Eliminating oil subsidies is a first step in leveling the playing field for clean energy.

According to Friends of the Earth, “(The oil and gas industry) is set to receive at least $33 billion in handouts from taxpayers over the next five years. These companies stand to gain at least $23.2 billion from tax loopholes, $3.8 billion in royalty rollbacks, $1.6 billion in direct subsidies for research and development, and $4.3 billion through accounting gimmicks.” ( For instance, Congress passed legislation in 1995 that provided “royalty relief” at a time when oil sold for $18/barrel for leases sold from 1996 to 2000. (

FOE describes specific breaks and amounts in “Green Scissors 2010.”

On May 5, 2011, House Republicans and seven Democrats voted against a Democratic motion to bring the Big Oil Welfare Repeal Act of 2011 (H.R. 1689) to the floor for consideration. (List of sponsors at|/home/LegislativeData.php|.)     H.R. 1689 sought to amend the tax code to prohibit the five major oil companies from receiving oil tax and royalty breaks of $32 billion over a decade.

On May 9, Senator Menendez (D-NJ) introduced S.940, the Close Big Oil Loophole Act, targeting $21 billion in savings over a decade. The bill failed to clear the Senate on May 16. Following largely party lines, 52 voted in favor (48 Democrats), and 48 voted against (45 Republicans).

John Hoffmeister, former Shell Oil CEO, recently said Big Oil does not need subsidies in light of “sustained high oil prices,” just as President Bush had said in 2005 when oil was $55 a barrel. Prices are around $100 now. A 2011 poll by NBC/Wall Street Journal found 74% of people support removing the subsidies to reduce the deficit.

The U.S. Chamber of Commerce lobbied to preserve the subsidies. In both House and Senate, the opposition was not isolated to members from oil producing states. Interestingly, many opposing Republicans previously supported cutting oil subsidies.

Republican explanation for their May votes defies logic. Elimination of subsidies is not a tax hike, and it won’t kill jobs. The Congressional Joint Economic Committee said energy prices would not rise as a result. Studies show investment in clean energy actually creates 2-4 times more jobs than in the fossil fuel industry (2009 University of Massachusetts’ study).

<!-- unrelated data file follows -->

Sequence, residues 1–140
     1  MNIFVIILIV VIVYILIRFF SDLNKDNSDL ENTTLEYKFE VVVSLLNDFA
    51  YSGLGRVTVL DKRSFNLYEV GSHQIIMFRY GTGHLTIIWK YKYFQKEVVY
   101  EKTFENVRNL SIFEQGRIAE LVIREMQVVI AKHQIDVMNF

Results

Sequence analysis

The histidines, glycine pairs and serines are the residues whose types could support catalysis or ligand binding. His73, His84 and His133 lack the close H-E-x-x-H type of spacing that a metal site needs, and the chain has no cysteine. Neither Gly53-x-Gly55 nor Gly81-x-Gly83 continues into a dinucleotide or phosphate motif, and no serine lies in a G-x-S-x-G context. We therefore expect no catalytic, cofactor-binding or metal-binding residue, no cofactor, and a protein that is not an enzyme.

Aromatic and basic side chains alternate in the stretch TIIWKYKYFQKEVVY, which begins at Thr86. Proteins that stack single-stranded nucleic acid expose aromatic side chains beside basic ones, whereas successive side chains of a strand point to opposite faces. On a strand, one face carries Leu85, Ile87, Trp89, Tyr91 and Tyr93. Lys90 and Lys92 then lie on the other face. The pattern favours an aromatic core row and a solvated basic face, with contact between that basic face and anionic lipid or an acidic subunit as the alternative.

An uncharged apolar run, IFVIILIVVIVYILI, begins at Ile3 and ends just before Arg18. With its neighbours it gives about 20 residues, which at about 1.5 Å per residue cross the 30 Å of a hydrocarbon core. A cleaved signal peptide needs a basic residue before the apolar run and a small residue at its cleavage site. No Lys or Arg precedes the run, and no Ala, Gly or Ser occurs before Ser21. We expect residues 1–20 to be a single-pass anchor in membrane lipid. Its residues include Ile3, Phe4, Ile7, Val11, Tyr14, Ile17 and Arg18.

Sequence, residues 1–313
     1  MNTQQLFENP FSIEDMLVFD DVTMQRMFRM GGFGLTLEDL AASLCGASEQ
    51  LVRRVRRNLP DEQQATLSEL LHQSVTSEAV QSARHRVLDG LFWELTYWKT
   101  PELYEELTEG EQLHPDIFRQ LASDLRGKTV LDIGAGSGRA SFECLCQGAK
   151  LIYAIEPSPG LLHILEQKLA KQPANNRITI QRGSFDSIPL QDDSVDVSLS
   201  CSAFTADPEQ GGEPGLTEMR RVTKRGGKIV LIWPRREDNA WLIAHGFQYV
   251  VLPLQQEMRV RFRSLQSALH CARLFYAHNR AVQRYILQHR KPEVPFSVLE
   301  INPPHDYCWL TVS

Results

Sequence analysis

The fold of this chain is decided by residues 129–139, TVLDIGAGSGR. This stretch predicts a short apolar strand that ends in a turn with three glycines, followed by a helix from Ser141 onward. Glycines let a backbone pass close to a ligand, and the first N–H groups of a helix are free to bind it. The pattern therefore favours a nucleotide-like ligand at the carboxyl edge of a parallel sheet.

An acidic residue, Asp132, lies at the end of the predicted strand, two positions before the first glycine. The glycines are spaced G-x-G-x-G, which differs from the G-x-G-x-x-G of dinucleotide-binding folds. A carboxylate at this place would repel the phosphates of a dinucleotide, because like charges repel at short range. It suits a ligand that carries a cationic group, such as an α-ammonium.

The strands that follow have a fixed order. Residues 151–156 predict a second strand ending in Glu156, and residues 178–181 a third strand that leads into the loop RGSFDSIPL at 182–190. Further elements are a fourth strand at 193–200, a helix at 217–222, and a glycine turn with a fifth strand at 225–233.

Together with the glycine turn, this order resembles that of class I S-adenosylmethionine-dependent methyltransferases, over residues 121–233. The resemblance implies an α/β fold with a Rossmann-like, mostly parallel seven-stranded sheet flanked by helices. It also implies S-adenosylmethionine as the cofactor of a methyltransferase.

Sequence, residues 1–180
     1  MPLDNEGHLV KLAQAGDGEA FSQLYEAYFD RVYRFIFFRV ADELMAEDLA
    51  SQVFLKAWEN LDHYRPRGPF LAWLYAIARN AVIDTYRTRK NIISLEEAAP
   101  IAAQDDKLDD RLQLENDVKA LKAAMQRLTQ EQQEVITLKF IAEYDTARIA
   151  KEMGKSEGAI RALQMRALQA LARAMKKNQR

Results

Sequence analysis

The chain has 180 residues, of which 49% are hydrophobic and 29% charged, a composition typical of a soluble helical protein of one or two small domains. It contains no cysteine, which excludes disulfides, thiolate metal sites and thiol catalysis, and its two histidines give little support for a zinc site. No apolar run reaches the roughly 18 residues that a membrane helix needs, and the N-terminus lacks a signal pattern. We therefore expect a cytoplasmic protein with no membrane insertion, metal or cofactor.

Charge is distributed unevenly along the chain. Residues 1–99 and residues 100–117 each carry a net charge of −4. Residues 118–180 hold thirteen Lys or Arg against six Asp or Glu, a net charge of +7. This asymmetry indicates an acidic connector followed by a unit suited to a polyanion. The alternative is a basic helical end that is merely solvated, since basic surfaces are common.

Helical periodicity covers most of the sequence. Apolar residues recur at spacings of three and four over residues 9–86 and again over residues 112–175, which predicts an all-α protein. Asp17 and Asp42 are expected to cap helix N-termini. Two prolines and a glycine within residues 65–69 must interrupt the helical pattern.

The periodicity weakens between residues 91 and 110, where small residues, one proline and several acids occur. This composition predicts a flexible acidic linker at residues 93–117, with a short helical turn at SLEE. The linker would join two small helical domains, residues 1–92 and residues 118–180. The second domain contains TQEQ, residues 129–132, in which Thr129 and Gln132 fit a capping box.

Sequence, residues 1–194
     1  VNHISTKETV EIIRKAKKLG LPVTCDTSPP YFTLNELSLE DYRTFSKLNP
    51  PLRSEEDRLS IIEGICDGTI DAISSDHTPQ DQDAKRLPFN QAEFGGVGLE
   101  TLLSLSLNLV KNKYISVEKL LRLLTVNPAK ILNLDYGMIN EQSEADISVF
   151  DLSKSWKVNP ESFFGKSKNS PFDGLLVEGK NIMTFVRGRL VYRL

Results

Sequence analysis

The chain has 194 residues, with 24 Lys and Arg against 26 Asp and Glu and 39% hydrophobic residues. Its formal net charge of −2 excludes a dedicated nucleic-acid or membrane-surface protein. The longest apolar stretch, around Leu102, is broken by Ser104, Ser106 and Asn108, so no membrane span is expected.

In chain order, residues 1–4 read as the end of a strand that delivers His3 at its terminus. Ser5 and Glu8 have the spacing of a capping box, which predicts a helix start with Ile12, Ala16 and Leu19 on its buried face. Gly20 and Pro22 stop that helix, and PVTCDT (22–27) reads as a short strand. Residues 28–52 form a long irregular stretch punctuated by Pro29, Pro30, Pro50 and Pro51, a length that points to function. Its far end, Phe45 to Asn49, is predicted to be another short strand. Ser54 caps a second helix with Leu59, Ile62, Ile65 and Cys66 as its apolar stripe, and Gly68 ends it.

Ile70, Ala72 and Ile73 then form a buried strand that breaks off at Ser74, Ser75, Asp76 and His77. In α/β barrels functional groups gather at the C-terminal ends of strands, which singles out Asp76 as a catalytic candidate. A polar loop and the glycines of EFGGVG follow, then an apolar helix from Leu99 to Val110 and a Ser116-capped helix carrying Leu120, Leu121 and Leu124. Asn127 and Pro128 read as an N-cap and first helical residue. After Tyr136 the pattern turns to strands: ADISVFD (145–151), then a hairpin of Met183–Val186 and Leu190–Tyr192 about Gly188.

The price of oil is artificially “cheap” because it does not reflect the high price of “externalities” such as air and water pollution, political repercussions of supporting repressive regimes for oil, and military interventions to protect access to oil.

Democrat plan to try again, and some Republicans who opposed the above actions have indicated they will consider removing oil subsidies as part of a broader tax reform package.


The 48 Senators who voted against ending oil subsidies are : Alexander (R-TN), Ayotte (R-NH), Barrasso (R-WY), Begich (D-AK), Blunt (R-MO), Boozman (R-AR), Brown (R-MA), Burr (R-NC), Chambliss (R-GA), Coats (R-IN), Coburn (R-OK), Cochran (R-MS), Corker (R-TN), Cornyn (R-TX), Crapo (R-ID), DeMint (R-SC), Enzi (R-WY), Graham (R-SC), Grassley (R-IA), Hatch (R-UT), Heller (R-NV), Hoeven (R-ND), Hutchison (R-TX), Inhofe (R-OK), Isakson (R-GA), Johanns (R-NE), Johnson (R-WI), Kirk (R-IL), Kyl (R-AZ), Landrieu (D-LA), Lee (R-UT), Lugar (R-IN), McCain (R-AZ), McConnell (R-KY), Moran (R-KS), Murkowski (R-AK), Nelson (D-NE), Paul (R-KY), Portman (R-OH), Risch (R-ID), Roberts (R-KS), Rubio (R-FL), Sessions (R-AL), Shelby (R-AL), Thune (R-SD), Toomey (R-PA), Vitter (R-LA), Wicker (R-MS)

The link to the House members who supported removing subsidies is noted above.

It is vitally important that you write and/or call your members of Congress today (both those who support and oppose the subsidies, in the House and Senate) and demand they end oil subsidies and encourage homegrown clean energy to address our oil addiction, national security, and climate change. Also, write OpEds and letters to the editor to your local paper. As a member of the U.S. Green Chamber of Commerce, your voice matters and is needed as a counterpoint to the opposing U.S. Chamber of Commerce.

John H. Reaves, Policy Director for the U.S. Green Chamber of Commerce

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